Active elastic solids – a classification for collective actuations
Active solids consist of elastically coupled out-of-equilibrium units performing work. They are central to autonomous processes in biological systems, e.g. locomotion, self-oscillations and morphogenesis. Yet, the feedback mechanism between elastic and active forces, and the possible emergence of collective behaviors in such systems remain poorly understood. We take advantage of centimetric models of self-propelled active units and introduce a minimal realization of an active elastic solid. Polar active agents exert forces on the nodes of a two-dimensional elastic lattice, and the resulting displacement field nonlinearly reorients the active agents. From this so-called elasto-active feedback emerges numerous new collective behaviors, which shall be called collective actuation.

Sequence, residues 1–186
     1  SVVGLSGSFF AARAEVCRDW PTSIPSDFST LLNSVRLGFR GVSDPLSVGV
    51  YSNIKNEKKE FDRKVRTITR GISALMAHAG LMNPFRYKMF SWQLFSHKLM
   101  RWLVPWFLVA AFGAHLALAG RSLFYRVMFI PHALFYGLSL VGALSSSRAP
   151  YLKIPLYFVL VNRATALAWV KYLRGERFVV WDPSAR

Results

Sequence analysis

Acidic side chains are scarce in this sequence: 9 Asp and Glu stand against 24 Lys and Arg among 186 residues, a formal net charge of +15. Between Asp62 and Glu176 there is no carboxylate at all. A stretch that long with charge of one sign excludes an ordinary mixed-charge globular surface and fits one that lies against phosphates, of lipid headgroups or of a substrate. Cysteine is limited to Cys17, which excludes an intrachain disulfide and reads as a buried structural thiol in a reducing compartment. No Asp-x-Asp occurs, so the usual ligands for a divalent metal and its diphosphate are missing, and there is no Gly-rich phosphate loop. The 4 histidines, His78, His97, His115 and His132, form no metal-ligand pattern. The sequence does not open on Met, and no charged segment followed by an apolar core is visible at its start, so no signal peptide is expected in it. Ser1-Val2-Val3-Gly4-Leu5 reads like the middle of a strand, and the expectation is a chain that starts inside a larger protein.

In this talk, I will show how the structure’s vibrational properties control the emergence and the properties of collective actuation. Crucially, collective actuation is selective: only a few normal modes are activated by the active dynamics, and they are not necessarily the lowest energy ones. Combining experiments with the numerical and theoretical analysis of an agents model, we unveil the bifurcation scenario and the selection mechanism by which the collective actuation takes place. Eventually, we propose a classification of collective actuations, and draw analogies with the self-oscillating behaviors observed in living active solids, such as cell monolayers and bacterial bio-films.